The liver, the body's largest organ, weighs seven to ten pounds and performs a multitude of tasks. Among its vital functions are metabolizing essential fats (and thus preventing their accumulation in the bloodstream), synthesizing necessary blood proteins, breaking down and eliminating toxic substances, and secreting bile, which is stored in the gallbladder and the enlarged bile duct. Bile, which empties into the small intestine, acts as a carrier for all liver wastes. One reason animal proteins are drastically reduced on the Gerson diet is that they have been found to interfere with liver-boosting medications and to impede the detoxification process. Keeping animal protein at a minimum frees the protein-dissolving enzymes to "digest" cancer tissue rather than food, according to Max Gerson.
Gerson also found that both animal and vegetable fats have the effect of promoting tumor growth. Whenever he eliminated fats from his cancer patients' diets, the results improved substantially. Recent research supports his finding. Studies show that the higher the level of cholesterol and fats in the blood of cancer patients, the less chance the patients have of surviving. Cancer patients receiving Gerson therapy therefore avoid both animal and vegetable fats. An exception is linseed oil, which helps the body transport vitamin A. Linseed oil has been shown to have antitumor action, and it is rich in an essential fatty acid that reduces blood viscosity. Low blood viscosity correlates with a decreased tendency to spreading (metastases) of cancer.
Eliminating animal protein is only one aspect of Gerson's liver therapy. Patients are also given injections composed of liver extract, administered daily for four to six months, sometimes longer. These liver injections provide vitamins, minerals, and enzymes believed to help restore the liver to its proper functioning. Intramuscular injections of liver extract are combined with vitamin B~12 injections, which Dr. Gerson held to be important for proper protein synthesis. Full restoration of the liver may take from six to eighteen months, during which time patients should have their blood monitored by a physician so that the supplements and diet can be adjusted.
Nobel Prize-winning biochemist Dr. Albert Szent-Gyorgyi believed that the liver may hold the secret of cancer prevention and cure. In 1972, he reported that extracts of mouse liver "strongly inhibited" the growth of inoculated cancer in mice. He and his associate, Dr. Laszlo Egyud, isolated from liver extract a potent anticancer substance, which they dubbed retine. This liver derivative proved so effective in the laboratory, Dr. Szent-Gyorgyi was moved to predict, "We are on the verge of finding the key to curing cancer.... Retine stops the growth of cancer cells without poisoning other cells."4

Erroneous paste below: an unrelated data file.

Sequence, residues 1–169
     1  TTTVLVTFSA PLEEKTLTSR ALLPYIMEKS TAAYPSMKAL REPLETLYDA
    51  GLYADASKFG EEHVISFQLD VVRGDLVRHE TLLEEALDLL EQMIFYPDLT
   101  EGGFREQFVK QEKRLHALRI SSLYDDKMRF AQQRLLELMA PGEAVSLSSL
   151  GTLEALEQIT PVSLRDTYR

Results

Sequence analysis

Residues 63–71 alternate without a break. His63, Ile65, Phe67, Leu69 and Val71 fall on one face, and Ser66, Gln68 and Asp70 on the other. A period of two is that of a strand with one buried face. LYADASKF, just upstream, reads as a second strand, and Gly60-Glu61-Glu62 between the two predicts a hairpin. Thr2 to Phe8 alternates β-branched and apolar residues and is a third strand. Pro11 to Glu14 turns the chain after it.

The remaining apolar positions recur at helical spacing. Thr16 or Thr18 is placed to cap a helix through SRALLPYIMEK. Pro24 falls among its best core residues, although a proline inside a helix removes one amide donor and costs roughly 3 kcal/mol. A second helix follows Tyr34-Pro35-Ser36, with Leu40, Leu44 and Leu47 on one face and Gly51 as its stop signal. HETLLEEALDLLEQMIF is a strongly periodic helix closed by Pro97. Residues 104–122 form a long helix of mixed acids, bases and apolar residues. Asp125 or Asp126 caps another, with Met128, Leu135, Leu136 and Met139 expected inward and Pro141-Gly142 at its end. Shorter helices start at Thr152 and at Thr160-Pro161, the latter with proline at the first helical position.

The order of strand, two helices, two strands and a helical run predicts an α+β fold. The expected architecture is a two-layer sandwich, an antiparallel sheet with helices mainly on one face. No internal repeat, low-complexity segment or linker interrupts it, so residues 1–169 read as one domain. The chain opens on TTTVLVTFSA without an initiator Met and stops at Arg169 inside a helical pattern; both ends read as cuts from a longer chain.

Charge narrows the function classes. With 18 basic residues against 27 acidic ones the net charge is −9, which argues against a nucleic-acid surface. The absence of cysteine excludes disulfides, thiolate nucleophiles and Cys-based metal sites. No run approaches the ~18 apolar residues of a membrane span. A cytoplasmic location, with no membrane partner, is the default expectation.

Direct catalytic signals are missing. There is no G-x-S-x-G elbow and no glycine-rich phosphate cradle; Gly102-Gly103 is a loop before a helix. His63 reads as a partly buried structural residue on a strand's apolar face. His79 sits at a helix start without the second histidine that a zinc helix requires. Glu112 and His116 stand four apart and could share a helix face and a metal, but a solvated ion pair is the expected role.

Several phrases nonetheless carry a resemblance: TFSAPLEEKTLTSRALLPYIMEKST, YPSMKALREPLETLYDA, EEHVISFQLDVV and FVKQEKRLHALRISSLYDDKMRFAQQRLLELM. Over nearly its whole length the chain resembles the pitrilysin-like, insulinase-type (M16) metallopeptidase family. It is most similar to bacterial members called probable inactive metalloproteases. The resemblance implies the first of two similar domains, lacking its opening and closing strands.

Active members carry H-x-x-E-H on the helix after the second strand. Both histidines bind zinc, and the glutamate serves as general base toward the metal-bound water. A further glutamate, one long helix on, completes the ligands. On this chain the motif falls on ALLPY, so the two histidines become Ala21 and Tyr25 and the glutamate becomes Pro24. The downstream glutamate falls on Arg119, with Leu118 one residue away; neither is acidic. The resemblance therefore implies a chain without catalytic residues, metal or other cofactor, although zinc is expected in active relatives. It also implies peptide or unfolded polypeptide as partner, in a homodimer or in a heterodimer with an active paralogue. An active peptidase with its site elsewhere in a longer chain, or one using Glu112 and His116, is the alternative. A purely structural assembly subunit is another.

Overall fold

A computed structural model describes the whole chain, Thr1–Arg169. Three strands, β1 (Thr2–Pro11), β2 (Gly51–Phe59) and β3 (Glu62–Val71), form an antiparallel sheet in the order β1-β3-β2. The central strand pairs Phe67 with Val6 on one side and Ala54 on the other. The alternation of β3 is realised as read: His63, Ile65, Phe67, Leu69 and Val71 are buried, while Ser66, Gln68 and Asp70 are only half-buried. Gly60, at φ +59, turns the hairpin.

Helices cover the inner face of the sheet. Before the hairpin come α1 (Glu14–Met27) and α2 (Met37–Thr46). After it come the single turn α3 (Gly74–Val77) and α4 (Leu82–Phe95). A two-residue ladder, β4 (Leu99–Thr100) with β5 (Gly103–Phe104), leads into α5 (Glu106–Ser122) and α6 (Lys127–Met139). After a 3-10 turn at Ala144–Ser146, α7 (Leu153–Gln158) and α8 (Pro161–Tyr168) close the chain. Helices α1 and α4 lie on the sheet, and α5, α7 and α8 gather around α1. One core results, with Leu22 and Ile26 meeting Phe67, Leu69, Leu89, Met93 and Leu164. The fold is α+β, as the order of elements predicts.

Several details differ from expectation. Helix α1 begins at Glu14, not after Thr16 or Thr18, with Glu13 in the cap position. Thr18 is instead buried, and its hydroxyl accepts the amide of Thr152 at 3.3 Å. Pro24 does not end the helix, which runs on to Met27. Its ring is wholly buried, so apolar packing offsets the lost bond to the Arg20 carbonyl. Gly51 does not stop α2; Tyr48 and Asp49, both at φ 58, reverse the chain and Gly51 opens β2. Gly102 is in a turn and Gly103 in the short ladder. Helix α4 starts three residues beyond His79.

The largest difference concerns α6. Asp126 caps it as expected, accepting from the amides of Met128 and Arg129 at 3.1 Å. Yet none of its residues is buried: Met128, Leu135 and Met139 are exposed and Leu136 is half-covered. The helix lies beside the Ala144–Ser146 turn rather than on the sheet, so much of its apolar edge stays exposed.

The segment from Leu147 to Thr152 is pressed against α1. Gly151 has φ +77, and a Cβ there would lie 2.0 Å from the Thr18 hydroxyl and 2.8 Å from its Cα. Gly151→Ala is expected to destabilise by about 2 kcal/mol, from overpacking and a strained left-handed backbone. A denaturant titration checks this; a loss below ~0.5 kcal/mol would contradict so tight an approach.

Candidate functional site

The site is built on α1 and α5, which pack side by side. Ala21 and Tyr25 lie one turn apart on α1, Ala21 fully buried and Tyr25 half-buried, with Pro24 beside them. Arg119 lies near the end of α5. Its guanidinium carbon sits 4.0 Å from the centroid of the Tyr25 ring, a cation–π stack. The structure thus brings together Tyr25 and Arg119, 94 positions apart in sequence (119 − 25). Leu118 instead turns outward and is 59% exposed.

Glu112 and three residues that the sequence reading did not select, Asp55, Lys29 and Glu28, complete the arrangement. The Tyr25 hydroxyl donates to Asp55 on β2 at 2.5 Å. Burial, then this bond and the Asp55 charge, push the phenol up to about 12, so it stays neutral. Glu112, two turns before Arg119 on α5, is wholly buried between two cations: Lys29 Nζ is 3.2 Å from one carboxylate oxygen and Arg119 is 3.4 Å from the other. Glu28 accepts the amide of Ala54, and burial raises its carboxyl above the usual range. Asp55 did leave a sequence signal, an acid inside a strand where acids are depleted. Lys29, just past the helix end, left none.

Another major feature of the Gerson therapy is restoring the balance of potassium and sodium in the body. Dr. Gerson maintained that cancer alters the body's normal sodium-to-potassium balance, already disturbed by the modern oversalted diet. Liver, brain, and muscle cells normally have much higher levels of potassium than of sodium, but in cancer patients, observed Gerson, the ratio is reversed. The Gerson therapy aims to remove as much sodium from the cancer patient's body as possible, replacing it with potassium. The diet stresses foods rich in potassium and low in sodium, with no salt added.
In addition, patients receive a potassium solution, added to juices ten times daily. Edema, or fluid retention, caused by an excess of sodium, reportedly disappears with great frequency when patients ingest high amounts of potassium in juices. Restoring potassium levels to normal in the major organs of severely ill patients can take a year or two.
Gerson's emphasis on restoring the potassium balance in cancer patients finds considerable support in modern research. Several studies outline rationales to explain Gerson's theory that elevating the potassium level while restricting sodium in the diet acts against tumor formation.5 Freeman Cope, M.D., wrote in Physiological Chemistry and Physics in 1978, "The high potassium, low sodium diet of the Gerson therapy has been observed experimentally to cure many cases of advanced cancer in man, but the reason was not clear. Recent studies from the laboratory of Ling indicate that high potassium, low sodium environments can partially return damaged cell proteins to their normal undamaged configuration. Therefore, the damage in other tissues, induced by toxins and breakdown products from the cancer, is probably partly repaired by the Gerson therapy through this mechanism."